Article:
Fraudulent Banking Calls Being Made to Mountain Residents; Never Give Out Pertinent Info to Unsolicited Callers

Numerous residents in the mountain communities have been receiving scam telephone calls related to banking, and this tends to be a more frequent occurrence in smaller towns and rural communities, according to Richard Miller, Compliance and Information Security Officer for First Mountain Bank. “It’s a computer program,” Miller explains, “they get the prefixes, like 866, and then just start calling until people answer the phone. They don’t have a name and a number; they just have a phone number. The phone scams have been going on for years, but they’re getting more prevalent.” These automated scam phone calls may ask for a debit card number or password, which Miller advises you never give out over the phone. Per Miller, “No bank should call, email or anything else to verify your information, because they already have that info. So, never give a password or pin number to anyone, especially if on the phone.” However, he adds, “We’re a small enough, local bank that we will contact you if, say, you are overdrawn. We will never call to ask you for verification but, if you call the bank, we will ask you information to verify you are who you say you are.” As for email contact from a financial institution, Miller advises, “Don’t give out any pertinent information via email or online, unless you are in a secure site that you’ve initiated with the bank, and you’re just logging in. Any time you get something that says you requested it, and you didn’t request it, that’s a red flag.”

Numerous residents in the mountain communities have been receiving scam telephone calls related to banking, and this tends to be a more frequent occurrence in smaller towns and rural communities, according to Richard Miller, Compliance and Information Security Officer for First Mountain Bank. “It’s a computer program,” Miller explains, “they get the prefixes, like 866, and then just start calling until people answer the phone. They don’t have a name and a number; they just have a phone number. The phone scams have been going on for years, but they’re getting more prevalent.” These automated scam phone calls may ask for a debit card number or password, which Miller advises you never give out over the phone. Per Miller, “No bank should call, email or anything else to verify your information, because they already have that info. So, never give a password or pin number to anyone, especially if on the phone.” However, he adds, “We’re a small enough, local bank that we will contact you if, say, you are overdrawn. We will never call to ask you for verification but, if you call the bank, we will ask you information to verify you are who you say you are.” As for email contact from a financial institution, Miller advises, “Don’t give out any pertinent information via email or online, unless you are in a secure site that you’ve initiated with the bank, and you’re just logging in. Any time you get something that says you requested it, and you didn’t request it, that’s a red flag.”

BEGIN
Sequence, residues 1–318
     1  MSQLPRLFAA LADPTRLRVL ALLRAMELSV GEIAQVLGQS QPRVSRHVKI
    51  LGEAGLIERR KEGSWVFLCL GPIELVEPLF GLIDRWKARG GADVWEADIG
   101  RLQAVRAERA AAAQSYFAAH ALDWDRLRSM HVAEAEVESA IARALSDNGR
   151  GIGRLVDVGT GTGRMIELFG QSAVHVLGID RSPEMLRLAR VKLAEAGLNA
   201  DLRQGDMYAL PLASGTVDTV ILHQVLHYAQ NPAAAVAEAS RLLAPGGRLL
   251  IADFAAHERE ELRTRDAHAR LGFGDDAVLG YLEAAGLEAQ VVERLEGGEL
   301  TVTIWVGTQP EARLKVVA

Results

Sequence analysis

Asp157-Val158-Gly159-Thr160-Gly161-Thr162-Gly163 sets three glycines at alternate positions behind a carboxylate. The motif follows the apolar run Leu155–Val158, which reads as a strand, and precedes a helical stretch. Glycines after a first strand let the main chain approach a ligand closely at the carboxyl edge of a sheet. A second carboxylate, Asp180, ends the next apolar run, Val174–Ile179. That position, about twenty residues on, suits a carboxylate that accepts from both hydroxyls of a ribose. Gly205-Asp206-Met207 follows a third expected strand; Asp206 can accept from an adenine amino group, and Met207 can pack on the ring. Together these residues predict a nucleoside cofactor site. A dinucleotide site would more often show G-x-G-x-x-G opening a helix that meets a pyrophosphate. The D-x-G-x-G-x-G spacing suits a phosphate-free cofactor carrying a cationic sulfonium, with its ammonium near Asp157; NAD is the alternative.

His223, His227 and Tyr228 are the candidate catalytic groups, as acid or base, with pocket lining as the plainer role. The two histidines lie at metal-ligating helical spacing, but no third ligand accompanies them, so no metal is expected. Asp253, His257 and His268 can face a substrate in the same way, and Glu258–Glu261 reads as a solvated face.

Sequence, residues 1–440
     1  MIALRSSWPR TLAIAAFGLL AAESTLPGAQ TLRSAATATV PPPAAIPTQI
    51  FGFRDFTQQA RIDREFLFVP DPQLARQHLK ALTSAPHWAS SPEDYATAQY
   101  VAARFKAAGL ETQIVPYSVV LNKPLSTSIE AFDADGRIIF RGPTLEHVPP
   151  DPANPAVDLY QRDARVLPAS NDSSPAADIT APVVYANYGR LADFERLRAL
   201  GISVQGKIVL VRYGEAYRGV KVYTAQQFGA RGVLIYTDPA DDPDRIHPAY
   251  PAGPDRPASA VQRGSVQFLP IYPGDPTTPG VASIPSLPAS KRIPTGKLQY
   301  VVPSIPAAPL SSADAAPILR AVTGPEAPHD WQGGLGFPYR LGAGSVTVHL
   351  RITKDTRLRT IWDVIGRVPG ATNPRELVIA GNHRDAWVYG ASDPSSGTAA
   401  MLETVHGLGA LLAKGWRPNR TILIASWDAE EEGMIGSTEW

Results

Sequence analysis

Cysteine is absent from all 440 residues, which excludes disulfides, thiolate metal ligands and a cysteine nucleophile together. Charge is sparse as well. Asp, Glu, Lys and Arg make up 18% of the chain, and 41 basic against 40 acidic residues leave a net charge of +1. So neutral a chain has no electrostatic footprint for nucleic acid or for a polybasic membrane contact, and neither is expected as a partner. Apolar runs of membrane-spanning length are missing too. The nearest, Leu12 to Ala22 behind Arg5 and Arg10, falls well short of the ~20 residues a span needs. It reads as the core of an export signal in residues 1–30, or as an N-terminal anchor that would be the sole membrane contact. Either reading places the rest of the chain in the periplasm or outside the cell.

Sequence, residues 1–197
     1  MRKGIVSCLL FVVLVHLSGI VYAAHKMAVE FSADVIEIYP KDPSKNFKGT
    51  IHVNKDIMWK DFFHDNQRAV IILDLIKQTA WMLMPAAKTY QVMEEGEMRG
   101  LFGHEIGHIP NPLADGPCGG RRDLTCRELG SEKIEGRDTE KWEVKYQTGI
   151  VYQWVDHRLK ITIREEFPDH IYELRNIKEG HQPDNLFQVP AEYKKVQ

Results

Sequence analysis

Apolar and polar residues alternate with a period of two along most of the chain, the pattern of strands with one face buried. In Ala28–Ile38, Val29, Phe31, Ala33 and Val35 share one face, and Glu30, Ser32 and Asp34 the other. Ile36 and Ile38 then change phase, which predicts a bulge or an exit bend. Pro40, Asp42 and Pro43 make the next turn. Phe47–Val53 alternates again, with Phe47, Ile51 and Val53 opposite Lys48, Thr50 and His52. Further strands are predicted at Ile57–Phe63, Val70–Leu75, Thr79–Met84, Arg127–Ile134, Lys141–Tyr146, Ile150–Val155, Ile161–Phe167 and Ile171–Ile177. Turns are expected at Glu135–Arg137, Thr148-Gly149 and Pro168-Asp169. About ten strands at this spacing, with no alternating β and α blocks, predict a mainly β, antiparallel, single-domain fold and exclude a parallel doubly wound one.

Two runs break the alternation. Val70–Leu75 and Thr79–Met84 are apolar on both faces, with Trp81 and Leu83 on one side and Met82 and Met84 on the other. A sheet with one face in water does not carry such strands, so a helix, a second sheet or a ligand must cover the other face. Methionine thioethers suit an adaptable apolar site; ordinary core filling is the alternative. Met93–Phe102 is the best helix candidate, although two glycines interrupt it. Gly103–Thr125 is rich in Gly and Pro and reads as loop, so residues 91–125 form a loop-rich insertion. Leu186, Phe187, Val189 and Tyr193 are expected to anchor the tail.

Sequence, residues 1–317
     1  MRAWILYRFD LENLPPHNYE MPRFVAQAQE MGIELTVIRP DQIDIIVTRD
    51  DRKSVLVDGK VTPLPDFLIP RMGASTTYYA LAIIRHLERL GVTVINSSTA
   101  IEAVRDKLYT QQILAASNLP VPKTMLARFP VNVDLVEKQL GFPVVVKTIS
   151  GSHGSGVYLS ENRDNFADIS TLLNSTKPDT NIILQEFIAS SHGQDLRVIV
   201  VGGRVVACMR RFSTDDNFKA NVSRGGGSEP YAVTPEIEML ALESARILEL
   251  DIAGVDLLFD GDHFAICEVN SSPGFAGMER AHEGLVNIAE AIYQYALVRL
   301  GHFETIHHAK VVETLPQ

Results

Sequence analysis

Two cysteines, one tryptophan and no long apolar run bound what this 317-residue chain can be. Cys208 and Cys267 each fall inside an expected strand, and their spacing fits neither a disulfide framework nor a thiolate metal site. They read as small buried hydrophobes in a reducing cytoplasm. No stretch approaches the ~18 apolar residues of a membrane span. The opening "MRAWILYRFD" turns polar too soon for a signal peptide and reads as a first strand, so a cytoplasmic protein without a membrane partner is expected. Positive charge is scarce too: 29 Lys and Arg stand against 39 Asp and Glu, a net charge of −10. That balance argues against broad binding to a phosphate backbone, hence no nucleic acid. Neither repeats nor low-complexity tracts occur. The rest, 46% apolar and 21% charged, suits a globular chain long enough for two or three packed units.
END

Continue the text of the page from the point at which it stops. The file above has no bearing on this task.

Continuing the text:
Related posts:

  1. More Scam Banking Calls Reported in Big Bear Over Weekend; First Mountain Banks Advises That Customers Do Not Release Personal Information
  2. First Mountain Bank Customers May Receive Fraudulent Phone Calls
  3. Sheriff’s Department Provides Guidelines to Protect Against Fraudulent Phone Calls and Solicitations
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